Designing software architecture is one of my favorite parts of my job. It’s extremely gratifying to build something others can work with and extend upon. Creating good architecture involves writing code that is clean, clear, and hits the mark for the given problem space. The same is true for writing good code in general.
Identifying increasingly elegant and appropriate solutions is a skill that developers hone over their entire careers. The more you’ve cultivated that skill, the easier it is to produce targeted, understandable code to address the problem at hand. Unfortunately, this is a process bound by time. However, writing clean code is something everyone can begin immediately simply by leveraging free tools like Pylint, djLint, and Black.
What does clean code look like?
When code is clean, it’s formatted consistently. It doesn’t have unnecessary imports. It adheres to the team’s coding standards. It looks well-organized and visually appealing.
It’s easy to contribute clean code to projects by leveraging tools like linters and formatters. In my preferred editor, VS Code, you can install these tools as extensions. That provides immediate feedback, thereby improving code quality and developer experience.
Tip! Save your configurations and VS Code workspace config in your repo. That way, everyone contributing to the codebase can use the same tools and configurations.
Pylint is a static code analyser for Python. It can look at your code and warn you about potential errors before your code runs. Some of the things it can do include:
- checking code for adherence to a coding standard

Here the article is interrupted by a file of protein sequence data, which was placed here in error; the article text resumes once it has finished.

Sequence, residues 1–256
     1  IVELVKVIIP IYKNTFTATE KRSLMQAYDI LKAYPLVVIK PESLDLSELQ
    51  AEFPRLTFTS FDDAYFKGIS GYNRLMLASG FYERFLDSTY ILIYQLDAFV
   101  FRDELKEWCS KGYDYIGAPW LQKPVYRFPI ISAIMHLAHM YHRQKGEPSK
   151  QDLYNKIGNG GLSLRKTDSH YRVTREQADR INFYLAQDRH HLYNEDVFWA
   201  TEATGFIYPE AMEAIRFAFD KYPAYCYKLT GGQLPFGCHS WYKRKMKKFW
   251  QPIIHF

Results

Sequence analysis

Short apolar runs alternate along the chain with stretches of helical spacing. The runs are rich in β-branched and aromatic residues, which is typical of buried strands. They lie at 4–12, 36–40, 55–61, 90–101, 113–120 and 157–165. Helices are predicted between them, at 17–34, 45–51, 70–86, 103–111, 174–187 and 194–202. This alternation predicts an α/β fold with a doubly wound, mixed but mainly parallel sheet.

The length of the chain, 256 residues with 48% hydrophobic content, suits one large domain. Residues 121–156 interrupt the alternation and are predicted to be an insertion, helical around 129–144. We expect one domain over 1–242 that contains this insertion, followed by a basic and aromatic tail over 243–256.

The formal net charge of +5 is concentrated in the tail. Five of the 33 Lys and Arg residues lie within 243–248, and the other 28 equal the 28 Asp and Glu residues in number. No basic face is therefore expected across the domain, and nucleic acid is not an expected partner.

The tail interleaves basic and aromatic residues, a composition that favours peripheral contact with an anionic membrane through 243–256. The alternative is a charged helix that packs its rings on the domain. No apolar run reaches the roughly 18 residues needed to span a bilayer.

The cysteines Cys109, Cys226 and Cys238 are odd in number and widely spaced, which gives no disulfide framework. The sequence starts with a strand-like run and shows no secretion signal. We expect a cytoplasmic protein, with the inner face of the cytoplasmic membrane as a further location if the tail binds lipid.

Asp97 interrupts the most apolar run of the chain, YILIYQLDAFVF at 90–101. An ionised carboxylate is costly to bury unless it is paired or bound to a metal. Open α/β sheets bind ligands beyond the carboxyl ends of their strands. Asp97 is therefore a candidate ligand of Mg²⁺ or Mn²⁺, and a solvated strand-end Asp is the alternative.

- detecting unused imports
- warning about line length
If installed via VS Code, it will automatically run on open files and will highlight lines of code you need to fix.
The default configuration of Pylint is pretty solid. It enforces many rules that, if adhered to, will leave your code in a good state. If you need customization, you can do that by adding a
.pylintrc file to your root directory.
Since the next thing we’ll do is set up the code formatter called Black, I recommend you DO create a
.pylintrc file and add the following:
[FORMAT] max-line-length = 88
Black is a code formatter specifically for Python. Code formatters restructure the code in your files so that spacing, indentation, and line length are consistent. This is powerful when applied on save because it makes the functionality part of the developer’s normal workflow.
There is no configuration for Black, and that is by design. It enforces its own particular style so that developers can focus on writing code, not configurations. If that’s too rigid, there’s a similar project called Blue that offers more flexibility.
Before you can use Black, you’ll need to install it with
djlint is both a linter like Pylint and a code formatter like Black. Instead of using it for Python files, it’s used specifically for jinja2 templates. This is helpful when working in a Flask application’s HTML templates, which can sometimes grow quite large. The tool is great because it can:
- properly format jinja2 syntax within the HTML document
- detect improperly formed tags
- quickly format large HTML trees
Like Black, you must install djLint with
Improve Code Quality in Python Flask with Pylint, djLint, and Black
With these tools, you can focus more on writing clear elegant code and less on cleanliness.